PostExcision Events in Human Nucleotide Excision Repair.

Author(s): Kemp MG,  Hu J

Journal: Photochem Photobiol

Date: 2017 Jan

Major Program(s) or Research Group(s): ARP

PubMed ID: 27645806

PMC ID: PMC5315629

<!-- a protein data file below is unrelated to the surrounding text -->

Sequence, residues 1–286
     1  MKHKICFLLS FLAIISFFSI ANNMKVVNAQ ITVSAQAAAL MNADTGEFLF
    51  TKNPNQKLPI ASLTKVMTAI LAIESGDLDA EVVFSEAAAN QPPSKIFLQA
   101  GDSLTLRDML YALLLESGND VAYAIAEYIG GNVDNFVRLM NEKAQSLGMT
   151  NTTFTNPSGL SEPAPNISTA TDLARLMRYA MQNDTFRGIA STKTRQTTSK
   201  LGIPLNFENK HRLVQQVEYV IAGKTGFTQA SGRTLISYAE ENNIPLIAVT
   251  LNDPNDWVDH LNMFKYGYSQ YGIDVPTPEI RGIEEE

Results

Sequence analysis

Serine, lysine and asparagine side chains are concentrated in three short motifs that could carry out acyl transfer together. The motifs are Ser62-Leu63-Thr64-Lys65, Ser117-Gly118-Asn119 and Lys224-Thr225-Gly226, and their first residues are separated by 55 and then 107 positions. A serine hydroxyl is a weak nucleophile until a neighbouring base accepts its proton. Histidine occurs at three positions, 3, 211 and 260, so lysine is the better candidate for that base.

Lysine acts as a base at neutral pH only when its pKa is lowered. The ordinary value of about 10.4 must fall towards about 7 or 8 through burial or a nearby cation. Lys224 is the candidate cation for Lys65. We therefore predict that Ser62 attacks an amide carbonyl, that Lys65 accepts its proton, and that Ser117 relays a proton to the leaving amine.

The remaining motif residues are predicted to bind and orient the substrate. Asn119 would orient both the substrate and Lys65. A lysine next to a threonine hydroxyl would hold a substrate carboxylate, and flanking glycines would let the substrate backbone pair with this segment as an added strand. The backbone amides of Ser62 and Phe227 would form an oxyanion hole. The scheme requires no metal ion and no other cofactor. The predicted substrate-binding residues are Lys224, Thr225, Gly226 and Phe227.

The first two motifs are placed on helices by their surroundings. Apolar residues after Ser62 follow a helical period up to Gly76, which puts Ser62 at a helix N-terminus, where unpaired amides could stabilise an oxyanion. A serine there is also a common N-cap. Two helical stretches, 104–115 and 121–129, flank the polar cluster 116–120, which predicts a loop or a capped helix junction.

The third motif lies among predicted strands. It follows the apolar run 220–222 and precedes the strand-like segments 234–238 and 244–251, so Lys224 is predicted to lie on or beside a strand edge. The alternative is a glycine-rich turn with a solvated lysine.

Abstract: The nucleotide excision repair system removes a wide variety of DNA lesions from the human genome, including photoproducts induced by ultraviolet (UV) wavelengths of sunlight. A defining feature of nucleotide excision repair is its dual incision mechanism, in which two nucleolytic incision events on the damaged strand of DNA at sites bracketing the lesion generate a damage-containing DNA oligonucleotide and a single-stranded DNA gap approximately 30 nucleotides in length. Although the early events of nucleotide excision repair, which include lesion recognition and the dual incisions, have been explored in detail and are reasonably well understood, the fate of the single-stranded DNA gaps and excised oligonucleotide products of repair have not been as extensively examined. In this review, recent findings that address these less-explored aspects of nucleotide excision repair are discussed and support the concept that postincision gap and excised oligonucleotide processing are critical steps in the cellular response to DNA damage induced by UV light and other environmental carcinogens. Defects in these latter stages of repair lead to cell death and other DNA damage signaling responses and may therefore contribute to a number of human disease states associated with exposure to UV wavelengths of sunlight, including skin cancer, aging and autoimmunity.